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July 16, 2009

A crisis of compassion? - *

There was a brief news report today about a woman, 4 months pregnant, who made a distress call to police, threatening to harm herself. Police responded, evacuating homes nearby as a precaution. When they were able to enter the home, they found the woman dead of what appeared to be a self-inflicted gunshot wound. A neighbor was interviewed and said, “For now, we're just hoping to get home, let our dog out, that sort of thing.”

I can’t help but hope that this comment wasn’t the only thought to cross the mind of her neighbor upon learning of her death. But who knows? It appears to me that, in some respects, we’re seeing a dulling of the senses, a numbing of emotion, and a loss of empathy for others. I’ve been mulling over possible reasons for this.

In part, this is likely due to our rapid access to news from all over the world coupled with a taste for the sensational. For no sooner does a tragedy take place than we find ourselves inundated with “Breaking News” banners followed by early reports (often inaccurate or only partially true) followed by the complete story. Next is analysis followed by heart-wrenching interviews with grieving family members. It seems that we face this sort of pathos at least every week or so. Perhaps this constant exposure to disaster depletes our reserves of sympathy. I know there are times when I simply have to turn off the news because I grow weary of misery. (I’m not proud of that, by the way.)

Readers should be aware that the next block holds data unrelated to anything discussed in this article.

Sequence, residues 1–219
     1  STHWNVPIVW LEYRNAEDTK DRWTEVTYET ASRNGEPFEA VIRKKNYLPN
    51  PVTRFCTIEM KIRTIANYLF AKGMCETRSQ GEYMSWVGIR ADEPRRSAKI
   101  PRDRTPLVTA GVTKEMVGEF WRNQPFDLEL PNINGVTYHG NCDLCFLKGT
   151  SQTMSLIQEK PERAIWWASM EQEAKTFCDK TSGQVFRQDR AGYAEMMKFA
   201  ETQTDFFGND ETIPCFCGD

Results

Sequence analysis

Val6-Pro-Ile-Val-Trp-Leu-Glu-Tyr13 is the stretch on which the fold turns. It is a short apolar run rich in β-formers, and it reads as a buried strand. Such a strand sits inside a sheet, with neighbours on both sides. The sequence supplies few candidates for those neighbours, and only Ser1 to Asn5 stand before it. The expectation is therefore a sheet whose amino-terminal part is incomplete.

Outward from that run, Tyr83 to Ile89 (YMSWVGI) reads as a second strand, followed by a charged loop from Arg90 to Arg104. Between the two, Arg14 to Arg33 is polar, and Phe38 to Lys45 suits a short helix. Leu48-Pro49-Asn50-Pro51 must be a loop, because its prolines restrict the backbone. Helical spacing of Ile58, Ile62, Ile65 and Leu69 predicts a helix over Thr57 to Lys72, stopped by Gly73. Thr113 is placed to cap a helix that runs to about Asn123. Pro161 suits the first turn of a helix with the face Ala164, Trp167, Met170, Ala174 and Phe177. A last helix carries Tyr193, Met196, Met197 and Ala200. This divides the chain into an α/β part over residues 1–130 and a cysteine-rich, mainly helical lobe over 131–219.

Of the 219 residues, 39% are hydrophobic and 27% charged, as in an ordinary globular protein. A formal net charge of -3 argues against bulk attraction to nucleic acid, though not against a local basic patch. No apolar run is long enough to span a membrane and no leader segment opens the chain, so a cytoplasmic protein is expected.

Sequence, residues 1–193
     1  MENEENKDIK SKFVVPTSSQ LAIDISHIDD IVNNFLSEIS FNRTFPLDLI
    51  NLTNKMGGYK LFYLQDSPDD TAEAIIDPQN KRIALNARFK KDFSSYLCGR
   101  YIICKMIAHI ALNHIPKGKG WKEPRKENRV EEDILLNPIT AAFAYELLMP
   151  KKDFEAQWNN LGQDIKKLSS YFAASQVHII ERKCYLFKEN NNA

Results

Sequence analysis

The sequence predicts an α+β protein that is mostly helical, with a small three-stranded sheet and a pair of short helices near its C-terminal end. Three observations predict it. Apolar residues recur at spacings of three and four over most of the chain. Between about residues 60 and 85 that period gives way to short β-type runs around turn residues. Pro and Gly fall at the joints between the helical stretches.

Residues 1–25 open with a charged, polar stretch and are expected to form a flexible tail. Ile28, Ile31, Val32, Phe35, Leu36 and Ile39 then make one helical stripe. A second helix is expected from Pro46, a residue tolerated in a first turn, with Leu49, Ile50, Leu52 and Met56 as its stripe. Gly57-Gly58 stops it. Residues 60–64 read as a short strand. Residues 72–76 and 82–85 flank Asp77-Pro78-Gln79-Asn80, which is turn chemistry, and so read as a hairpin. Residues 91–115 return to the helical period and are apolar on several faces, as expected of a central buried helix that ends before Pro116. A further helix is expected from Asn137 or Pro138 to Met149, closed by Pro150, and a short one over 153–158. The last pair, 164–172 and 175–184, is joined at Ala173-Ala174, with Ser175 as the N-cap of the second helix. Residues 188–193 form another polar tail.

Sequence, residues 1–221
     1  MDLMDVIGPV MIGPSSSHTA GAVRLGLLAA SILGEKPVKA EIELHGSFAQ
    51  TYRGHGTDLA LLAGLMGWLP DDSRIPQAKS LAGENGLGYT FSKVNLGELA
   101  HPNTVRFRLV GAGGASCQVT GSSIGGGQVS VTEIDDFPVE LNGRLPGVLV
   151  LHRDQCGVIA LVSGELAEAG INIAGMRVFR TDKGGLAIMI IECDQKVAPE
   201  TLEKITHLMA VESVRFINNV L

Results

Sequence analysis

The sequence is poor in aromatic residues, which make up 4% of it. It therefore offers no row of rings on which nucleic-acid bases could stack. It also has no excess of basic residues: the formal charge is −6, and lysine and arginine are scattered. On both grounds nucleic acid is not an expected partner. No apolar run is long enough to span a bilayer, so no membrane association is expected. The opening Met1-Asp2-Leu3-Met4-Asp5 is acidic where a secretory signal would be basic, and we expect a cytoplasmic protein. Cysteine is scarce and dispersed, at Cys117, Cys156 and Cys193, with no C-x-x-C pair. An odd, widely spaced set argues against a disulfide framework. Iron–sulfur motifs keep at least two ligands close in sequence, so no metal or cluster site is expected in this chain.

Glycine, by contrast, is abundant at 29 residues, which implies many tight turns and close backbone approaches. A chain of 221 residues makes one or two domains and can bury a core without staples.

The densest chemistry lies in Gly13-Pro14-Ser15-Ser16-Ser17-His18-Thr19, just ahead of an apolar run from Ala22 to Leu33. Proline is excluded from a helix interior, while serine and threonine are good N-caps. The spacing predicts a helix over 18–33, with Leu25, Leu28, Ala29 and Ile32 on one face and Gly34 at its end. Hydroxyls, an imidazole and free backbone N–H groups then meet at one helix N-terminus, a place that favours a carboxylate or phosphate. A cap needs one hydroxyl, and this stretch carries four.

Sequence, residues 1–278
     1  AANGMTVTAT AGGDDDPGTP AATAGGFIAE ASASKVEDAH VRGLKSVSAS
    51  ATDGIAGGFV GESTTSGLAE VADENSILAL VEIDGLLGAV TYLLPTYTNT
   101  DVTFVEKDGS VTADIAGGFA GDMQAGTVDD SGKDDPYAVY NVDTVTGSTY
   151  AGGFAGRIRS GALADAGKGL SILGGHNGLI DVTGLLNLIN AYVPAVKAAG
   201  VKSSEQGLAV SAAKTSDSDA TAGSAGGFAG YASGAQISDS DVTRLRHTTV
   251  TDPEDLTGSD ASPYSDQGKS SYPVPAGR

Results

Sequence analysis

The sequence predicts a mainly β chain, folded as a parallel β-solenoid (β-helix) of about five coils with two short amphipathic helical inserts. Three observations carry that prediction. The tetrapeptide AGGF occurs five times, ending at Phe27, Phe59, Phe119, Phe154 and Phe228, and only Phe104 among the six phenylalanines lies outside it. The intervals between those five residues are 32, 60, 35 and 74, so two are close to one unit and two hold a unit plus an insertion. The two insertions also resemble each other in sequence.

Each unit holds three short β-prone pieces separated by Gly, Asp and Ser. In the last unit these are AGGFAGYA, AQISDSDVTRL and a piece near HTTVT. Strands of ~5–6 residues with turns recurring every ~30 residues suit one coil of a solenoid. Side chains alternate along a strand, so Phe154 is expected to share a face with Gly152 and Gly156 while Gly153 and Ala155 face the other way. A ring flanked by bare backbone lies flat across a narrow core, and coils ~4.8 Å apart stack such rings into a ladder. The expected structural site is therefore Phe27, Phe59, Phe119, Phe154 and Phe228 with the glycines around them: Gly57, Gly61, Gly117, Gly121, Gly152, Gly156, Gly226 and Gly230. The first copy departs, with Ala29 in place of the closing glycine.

Another possible explanation is the fast-paced lives we live, but I think that’s rather simplistic. We bemoan our busy modern lives, but I have difficulty believing that we’re much busier than people who didn’t have cars and washing machines, self-propelled lawn mowers and supermarkets, ready-made clothing and gas logs.

Perhaps legislation that seems to be increasingly insistent on removing faith from the public eye is another factor. But although we can cite many instances where this has happened, it must be acknowledged that we are not obliged to stop living according to the principles that are a central part of their faith.

I’m sure there are other possible causes for this “crisis of compassion”, but perhaps less time should be spent on seeking the root of the problem and more time spent on finding a remedy.

What are your thoughts?

I will give them an undivided heart and put a new spirit in them; I will remove from them their heart of stone and give them a heart of flesh.
- Ezekiel 11:19


  1. You suggest, " . . . but perhaps less time should be spent on seeking the root of the problem and more time spent on finding a remedy."

    I disagree. Unless we get to the root, the bitter fruit will always find fertile soil. Perhaps that is why the Lord said, "Sow with a view to righteousness, reap in accordance with kindness; Break up your fallow ground,for it is time to seek the Lord, until He comes to rain righteousness on you. (Hosea 10:12)

  2. Perhaps this is the result of being the most thorough-going "me" generation in our history.



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